Anti-air missiles are self-explanatory, and you can unlock a powerful laser that is useful against large enemies, such as giant tanks and bosses. Additionally each weapon mode has an alternative fire that can be charged for massive effect. These require a cool down period once used, only a matter of seconds, mind, but when things get really hectic you need to be careful not to waste them and end up letting too many forces get close to your core. If enemies do get close to your core, they will begin attacking it. Once the shields are depleted and your core reaches zero health, you lose the game. Your command unit can also die, however this only results in a slight delay before respawning at your core.

You can also get upgrades and defences for your core by spending upgrade points (the same points used to unlock new towers and abilities for your ship – these are earned by completing levels). For example, increasing your core’s shield capacity, to installing it with weapons of its own to defend itself – such as a laser that instantly destroys nearby units every few seconds. Ultimately these core defences are nothing to rely on and just act as last resorts if things get too tricky to manage, but during my playthrough there was the odd moment when I just about avoided defeat because of these combined upgrades.

Your ship on the other hand, while not an effective method to rely on entirely, is still essential to keep enemy forces at bay. While having tower formations and extending the enemy attack path as much as possible is the most effective way of defending your core, flitting to and from struggling zones, micro managing your defence and taking out as many foes yourself as you can is the only way to manage at higher difficulties. Even playing on easy and normal it’s hard to manage if you aren’t effective at keeping on top of things.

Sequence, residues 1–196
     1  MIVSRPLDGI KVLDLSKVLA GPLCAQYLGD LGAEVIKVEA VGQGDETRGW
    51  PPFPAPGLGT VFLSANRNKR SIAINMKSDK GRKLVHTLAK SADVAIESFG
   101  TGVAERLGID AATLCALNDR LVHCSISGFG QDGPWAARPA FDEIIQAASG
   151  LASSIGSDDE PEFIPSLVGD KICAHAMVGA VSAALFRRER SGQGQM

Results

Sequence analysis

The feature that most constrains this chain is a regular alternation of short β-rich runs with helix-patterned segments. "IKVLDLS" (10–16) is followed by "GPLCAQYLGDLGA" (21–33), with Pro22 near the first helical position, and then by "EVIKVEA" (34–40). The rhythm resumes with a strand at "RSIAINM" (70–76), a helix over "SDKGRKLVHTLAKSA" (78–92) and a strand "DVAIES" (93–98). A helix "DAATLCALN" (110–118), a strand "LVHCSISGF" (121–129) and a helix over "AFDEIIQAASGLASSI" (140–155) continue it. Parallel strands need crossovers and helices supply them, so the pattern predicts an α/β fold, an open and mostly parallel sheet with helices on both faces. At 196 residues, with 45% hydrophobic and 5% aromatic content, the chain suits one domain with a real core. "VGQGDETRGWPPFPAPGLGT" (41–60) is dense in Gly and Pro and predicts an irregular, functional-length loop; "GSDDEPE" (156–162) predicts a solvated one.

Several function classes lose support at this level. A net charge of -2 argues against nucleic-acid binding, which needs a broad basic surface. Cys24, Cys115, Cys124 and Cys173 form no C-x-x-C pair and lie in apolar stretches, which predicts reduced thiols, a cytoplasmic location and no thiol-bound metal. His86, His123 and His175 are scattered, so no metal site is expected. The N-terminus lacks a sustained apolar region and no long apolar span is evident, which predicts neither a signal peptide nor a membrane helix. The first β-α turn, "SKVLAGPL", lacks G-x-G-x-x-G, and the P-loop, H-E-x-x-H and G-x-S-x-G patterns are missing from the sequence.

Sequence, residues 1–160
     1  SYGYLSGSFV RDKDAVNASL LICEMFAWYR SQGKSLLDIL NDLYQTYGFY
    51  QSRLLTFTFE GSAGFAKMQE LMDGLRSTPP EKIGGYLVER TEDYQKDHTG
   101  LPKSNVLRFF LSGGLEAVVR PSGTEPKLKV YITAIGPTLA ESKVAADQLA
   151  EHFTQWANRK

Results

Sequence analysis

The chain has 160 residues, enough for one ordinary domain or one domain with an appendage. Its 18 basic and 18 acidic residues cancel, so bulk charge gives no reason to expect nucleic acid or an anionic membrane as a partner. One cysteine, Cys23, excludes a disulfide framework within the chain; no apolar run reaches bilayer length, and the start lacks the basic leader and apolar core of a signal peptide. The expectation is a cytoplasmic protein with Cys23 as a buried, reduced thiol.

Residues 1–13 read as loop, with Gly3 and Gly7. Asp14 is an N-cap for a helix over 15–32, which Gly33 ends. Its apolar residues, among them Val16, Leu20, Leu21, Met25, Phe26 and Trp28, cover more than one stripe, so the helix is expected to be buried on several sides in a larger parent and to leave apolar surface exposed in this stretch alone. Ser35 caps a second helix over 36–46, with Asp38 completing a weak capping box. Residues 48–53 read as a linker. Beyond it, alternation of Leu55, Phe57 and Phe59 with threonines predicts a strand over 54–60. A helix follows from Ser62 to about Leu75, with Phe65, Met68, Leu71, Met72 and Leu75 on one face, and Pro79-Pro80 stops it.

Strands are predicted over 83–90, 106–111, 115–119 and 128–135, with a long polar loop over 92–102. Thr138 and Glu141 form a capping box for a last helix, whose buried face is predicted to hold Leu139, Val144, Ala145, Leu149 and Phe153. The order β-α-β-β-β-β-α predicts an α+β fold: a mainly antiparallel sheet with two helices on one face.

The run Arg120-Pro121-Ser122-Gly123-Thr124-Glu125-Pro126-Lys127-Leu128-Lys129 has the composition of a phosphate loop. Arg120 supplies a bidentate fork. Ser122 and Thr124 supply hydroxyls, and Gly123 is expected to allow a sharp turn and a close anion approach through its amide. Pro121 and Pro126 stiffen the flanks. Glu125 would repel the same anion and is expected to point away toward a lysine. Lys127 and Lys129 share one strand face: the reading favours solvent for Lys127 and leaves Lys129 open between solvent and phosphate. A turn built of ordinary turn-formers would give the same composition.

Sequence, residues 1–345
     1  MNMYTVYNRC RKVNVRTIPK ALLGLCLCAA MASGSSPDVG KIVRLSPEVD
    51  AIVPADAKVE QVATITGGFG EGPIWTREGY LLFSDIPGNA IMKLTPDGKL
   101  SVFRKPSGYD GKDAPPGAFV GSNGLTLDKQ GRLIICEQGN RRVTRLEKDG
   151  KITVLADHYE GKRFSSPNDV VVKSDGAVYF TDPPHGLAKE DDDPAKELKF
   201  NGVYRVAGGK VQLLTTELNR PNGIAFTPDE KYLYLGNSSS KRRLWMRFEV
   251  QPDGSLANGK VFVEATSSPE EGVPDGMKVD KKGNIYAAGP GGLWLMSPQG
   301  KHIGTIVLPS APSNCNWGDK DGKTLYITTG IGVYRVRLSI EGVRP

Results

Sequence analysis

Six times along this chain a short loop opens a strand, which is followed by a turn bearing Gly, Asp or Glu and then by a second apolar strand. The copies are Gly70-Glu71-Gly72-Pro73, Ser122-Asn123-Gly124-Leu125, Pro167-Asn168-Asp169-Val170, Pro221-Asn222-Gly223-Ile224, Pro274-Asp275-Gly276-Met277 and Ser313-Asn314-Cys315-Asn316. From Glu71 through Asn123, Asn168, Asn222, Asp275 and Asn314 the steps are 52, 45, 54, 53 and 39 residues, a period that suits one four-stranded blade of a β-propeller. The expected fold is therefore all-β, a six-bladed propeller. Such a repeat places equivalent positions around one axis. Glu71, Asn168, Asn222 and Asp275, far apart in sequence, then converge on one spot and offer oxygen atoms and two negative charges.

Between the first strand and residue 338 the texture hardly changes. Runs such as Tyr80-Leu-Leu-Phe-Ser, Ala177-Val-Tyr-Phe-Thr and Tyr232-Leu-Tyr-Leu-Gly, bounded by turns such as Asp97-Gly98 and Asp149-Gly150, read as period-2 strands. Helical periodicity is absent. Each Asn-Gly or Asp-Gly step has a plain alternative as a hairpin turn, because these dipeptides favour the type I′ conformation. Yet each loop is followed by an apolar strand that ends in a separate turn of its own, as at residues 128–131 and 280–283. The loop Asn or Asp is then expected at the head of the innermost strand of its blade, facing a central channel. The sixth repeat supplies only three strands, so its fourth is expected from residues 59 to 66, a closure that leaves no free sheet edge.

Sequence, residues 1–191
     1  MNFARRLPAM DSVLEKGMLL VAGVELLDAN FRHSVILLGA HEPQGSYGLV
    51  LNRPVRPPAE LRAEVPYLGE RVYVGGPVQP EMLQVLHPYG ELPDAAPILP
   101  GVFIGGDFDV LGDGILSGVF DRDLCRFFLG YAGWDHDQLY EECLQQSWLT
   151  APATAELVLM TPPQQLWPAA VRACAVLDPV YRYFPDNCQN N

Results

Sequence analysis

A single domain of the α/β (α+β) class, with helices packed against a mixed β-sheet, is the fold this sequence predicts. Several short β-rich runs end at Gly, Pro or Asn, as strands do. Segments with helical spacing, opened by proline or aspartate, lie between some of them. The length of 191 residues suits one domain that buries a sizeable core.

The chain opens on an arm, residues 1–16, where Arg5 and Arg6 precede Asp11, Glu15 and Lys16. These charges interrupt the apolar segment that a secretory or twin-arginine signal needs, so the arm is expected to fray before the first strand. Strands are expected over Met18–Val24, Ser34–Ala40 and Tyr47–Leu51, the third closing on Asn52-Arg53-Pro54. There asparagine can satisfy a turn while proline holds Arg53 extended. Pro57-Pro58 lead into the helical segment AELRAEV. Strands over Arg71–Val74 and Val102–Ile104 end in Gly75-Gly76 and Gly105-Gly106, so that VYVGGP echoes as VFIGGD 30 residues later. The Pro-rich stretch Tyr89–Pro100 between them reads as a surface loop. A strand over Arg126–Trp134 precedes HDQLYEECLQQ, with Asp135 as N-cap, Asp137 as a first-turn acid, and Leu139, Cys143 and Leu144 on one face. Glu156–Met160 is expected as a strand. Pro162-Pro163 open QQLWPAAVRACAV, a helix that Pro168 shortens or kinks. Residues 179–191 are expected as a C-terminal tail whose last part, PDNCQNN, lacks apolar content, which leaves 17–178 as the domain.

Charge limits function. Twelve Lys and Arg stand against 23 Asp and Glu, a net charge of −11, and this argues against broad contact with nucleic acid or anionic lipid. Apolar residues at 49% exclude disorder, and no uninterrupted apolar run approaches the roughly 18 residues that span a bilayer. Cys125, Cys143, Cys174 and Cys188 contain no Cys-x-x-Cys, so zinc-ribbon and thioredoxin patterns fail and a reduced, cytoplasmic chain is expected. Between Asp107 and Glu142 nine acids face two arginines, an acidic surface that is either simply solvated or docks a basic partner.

But this is where the fun lies, and for seasoned tower defence players you will be happy to hear that there’s plenty of challenge to the game as it goes on. This is helped along by a good variety in its levels that insists upon you improving your arsenal and skills at micro managing. During levels enemy unit types and their start points and attack paths can change up, meaning you need to change your towers and formations regularly, and sometimes mid combat. If, for example, at the beginning of a wave you are assaulted by strong air forces from the north, you will need to place anti-air towers along their path; however mid wave, after these are defeated, you may be attacked by a large force of tanks coming from the south, therefore making your anti-air towers redundant. Thankfully, you can move these towers around at will and even change their specification, so those useless anti-air towers can now be moved to where the tanks are approaching and be turned into artillery.

Some levels themselves also can expand, providing more paths for the enemy, and therefore more potential routes of threat for you to consider. And as previously mentioned, concluding some of these missions are boss fights. Tower defence and bosses aren’t the most natural fit. What comes to mind is simply a tougher enemy that follows the same formula as the rest of the enemies. But actually X-Morph: Defense throws out some pretty cool battles, and ones that eschew some of the rules other enemies in the game have to pay attention to. There’s no point in trying to block the path of a boss with towers, for example, as they will simply destroy them. Instead you may end up collapsing large buildings to block its path, or throw down towers to assault it as much as possible, focussing your own fire on individual parts of the boss – destroying the guns, or attacking its legs or wheels to slow it down. They’re really cool encounters, and a fitting way to end some of the levels – after you’ve defeated countless waves of small foes using strategy and formation, going on then to battle something big and slow that doesn’t care about your pesky barriers is an entertaining climax.